A drug user suffering an overdose could have many urgent needs — medication to reverse the drug’s effect, a sedative to lower heart rate, or a dunk in an ice bath to cool overheating. Sometimes, though, all they need is confirmation that they, and everything around them, are real.

This might seem odd, but a person on a bad trip from an overdose of psychedelic drugs requires a different kind of help than if they had taken too much of an opioid, stimulant, or depressant. Calming music, advice, or simply someone to talk to can sometimes make all the difference to a user experiencing paranoia or a break with reality. This is where Tripsit, a site aimed at providing harm reduction and a space for open discussion, excels.

Launched in 2011, the site promotes a non-judgmental atmosphere where drug users can discuss the philosophical, medical, and scientific aspects of drug use without feeling stigmatized. They do not condone drug abuse, but say they understand “the good and bad side of drugs … and that individuals will use drugs regardless of their current legality.”

The site offers an interactive chat service where volunteers help high and tripping people. Users suffering from paranoia usually need help the most, and the most quickly.

“This can happen when someone is not sure if the substance they took is safe, or if they are worried that they will be ‘caught,’ by a friend, parent, or other person,” Tripsit founder Eric Hoftiezer explained to The Daily Beast. “These people can usually be talked down to a more reasonable state when they are presented with facts or distracted with conversation.”

This kind of support, though it may seem minor compared to the lifesaving effects of an anti-overdose drug, is actually imperative when it comes to reducing negative consequences of psychedelic drugs. LSD, cannabis, and psychedelic mushrooms are all among the top substances that bring users to the site and rarely cause serious physical harm on their own. Instead, they put users in an altered reality where they’re in danger of hurting themselves unknowingly — a person high on LSD might wander into traffic and die, for example.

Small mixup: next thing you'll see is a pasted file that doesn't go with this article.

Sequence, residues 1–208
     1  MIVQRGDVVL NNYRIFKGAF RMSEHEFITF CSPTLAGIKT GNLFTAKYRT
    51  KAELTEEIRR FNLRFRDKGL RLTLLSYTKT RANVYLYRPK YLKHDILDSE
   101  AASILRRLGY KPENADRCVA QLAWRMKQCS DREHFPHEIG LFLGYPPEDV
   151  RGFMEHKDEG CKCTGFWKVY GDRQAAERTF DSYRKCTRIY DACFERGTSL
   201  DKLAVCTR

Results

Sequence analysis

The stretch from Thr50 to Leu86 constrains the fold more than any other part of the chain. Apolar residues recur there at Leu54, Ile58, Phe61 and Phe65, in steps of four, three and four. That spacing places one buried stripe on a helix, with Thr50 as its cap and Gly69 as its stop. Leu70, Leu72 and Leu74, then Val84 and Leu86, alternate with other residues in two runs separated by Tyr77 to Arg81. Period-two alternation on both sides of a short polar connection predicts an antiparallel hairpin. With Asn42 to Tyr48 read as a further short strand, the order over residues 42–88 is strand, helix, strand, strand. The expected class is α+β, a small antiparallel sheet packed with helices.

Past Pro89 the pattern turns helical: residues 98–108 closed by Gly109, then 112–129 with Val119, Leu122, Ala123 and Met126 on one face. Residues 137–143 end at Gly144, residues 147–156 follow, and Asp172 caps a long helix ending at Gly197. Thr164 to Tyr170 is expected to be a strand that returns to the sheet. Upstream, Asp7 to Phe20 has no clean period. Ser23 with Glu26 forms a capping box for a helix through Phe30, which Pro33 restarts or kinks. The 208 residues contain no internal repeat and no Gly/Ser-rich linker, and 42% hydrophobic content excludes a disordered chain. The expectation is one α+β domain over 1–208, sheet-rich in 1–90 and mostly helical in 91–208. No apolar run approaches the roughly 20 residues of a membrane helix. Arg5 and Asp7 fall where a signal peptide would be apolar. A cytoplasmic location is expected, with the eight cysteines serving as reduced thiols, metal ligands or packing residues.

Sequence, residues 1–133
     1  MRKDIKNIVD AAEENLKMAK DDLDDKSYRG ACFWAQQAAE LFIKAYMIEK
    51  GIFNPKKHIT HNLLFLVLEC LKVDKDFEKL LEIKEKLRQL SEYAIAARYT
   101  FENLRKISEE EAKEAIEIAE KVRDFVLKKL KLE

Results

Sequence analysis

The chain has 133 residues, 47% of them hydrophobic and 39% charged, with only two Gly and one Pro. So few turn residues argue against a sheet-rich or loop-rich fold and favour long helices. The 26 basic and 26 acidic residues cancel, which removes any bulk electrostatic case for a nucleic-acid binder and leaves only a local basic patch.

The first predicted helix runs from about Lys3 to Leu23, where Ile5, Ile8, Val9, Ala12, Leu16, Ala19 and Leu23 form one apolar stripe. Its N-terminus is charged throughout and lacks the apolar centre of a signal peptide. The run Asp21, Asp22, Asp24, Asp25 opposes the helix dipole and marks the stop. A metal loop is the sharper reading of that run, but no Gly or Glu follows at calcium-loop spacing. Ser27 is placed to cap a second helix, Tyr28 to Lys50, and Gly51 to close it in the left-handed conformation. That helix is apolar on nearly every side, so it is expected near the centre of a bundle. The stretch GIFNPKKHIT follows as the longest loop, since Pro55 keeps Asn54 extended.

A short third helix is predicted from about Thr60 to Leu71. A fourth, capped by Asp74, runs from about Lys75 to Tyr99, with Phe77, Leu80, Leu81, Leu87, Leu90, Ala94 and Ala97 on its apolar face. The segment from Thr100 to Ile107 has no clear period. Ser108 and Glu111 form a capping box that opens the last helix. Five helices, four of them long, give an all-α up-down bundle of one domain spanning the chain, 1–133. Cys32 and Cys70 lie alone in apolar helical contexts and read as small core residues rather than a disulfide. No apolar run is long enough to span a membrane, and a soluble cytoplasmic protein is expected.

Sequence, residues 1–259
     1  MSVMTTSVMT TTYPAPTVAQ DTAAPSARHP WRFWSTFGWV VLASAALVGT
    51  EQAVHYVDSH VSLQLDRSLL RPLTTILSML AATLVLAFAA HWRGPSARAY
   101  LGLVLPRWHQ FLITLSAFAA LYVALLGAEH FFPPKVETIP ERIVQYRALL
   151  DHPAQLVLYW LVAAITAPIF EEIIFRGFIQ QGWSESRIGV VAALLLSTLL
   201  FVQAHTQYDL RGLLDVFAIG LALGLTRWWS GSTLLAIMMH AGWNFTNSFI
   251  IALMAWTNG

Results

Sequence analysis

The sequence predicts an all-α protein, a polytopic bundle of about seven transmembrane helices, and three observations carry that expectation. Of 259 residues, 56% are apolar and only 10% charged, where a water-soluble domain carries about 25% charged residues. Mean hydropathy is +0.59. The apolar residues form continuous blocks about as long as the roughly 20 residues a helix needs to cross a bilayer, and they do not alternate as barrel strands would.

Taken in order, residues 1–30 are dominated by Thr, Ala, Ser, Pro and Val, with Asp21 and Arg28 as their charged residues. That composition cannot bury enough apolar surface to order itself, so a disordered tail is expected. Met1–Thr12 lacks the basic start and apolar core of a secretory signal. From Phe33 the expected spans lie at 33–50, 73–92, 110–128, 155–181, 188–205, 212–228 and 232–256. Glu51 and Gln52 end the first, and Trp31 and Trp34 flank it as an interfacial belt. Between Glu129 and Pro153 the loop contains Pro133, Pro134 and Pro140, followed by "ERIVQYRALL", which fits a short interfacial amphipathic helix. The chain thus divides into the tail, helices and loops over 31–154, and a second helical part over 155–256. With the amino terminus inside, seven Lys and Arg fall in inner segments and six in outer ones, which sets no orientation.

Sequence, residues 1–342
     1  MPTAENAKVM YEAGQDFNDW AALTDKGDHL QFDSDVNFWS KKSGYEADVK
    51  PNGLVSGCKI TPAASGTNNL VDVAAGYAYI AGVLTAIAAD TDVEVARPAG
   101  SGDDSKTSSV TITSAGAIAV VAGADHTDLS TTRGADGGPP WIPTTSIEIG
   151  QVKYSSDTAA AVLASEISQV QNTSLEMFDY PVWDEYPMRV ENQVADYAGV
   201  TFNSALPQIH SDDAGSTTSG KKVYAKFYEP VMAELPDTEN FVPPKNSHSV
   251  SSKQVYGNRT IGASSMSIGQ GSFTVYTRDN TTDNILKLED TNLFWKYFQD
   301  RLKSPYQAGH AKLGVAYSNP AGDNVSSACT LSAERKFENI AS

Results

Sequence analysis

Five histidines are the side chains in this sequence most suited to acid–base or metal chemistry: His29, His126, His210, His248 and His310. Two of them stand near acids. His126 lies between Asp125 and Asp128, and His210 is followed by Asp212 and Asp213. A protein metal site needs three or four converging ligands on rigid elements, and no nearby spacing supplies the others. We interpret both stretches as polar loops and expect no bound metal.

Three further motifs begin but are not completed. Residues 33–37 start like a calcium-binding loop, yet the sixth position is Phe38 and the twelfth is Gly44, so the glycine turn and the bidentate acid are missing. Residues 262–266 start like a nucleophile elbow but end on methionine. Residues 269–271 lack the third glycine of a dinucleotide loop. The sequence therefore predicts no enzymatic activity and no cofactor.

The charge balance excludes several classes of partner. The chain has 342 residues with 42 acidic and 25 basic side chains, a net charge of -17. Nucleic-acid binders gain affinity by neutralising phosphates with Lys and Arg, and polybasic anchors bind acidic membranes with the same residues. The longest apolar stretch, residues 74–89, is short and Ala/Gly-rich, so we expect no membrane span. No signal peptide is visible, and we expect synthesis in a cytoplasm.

Avoiding these dangers is what makes Tripsit so valuable to users. The site reassures users that someone is listening, offering immediate assistance for those feeling anxiety or confusion during a trip, and a general chat for less pressing questions and concerns. Tripsit also offers links to factsheets detailing the chemistry and effects of various drugs, and even a chart showing which drug combinations are highly dangerous.

The Tripsit team considers harm reduction the best way to combat the stigmatization of drug use in America, and in turn, dangerous drug use.

“[Substance abuse] is vilified to the point that people who use substances have no one to turn to in order to make sure they do so safely,” Hoftiezer said. “I’ve known people who were not able to get help due to stigma against substances, who felt very isolated from their fellow humans due to being unable to share experiences without fear of judgement or even legal problems.”

Hoftiezer said the Tripsit approach is realistic; people will take mind-altering substances regardless of legality or treatment availability.

“Either we, as a society, can continue to ignore this issue and allow the negative effects of drug use to run rampant, or we can provide people the information and support to make informed decisions and engage in drug use in the safest way possible.”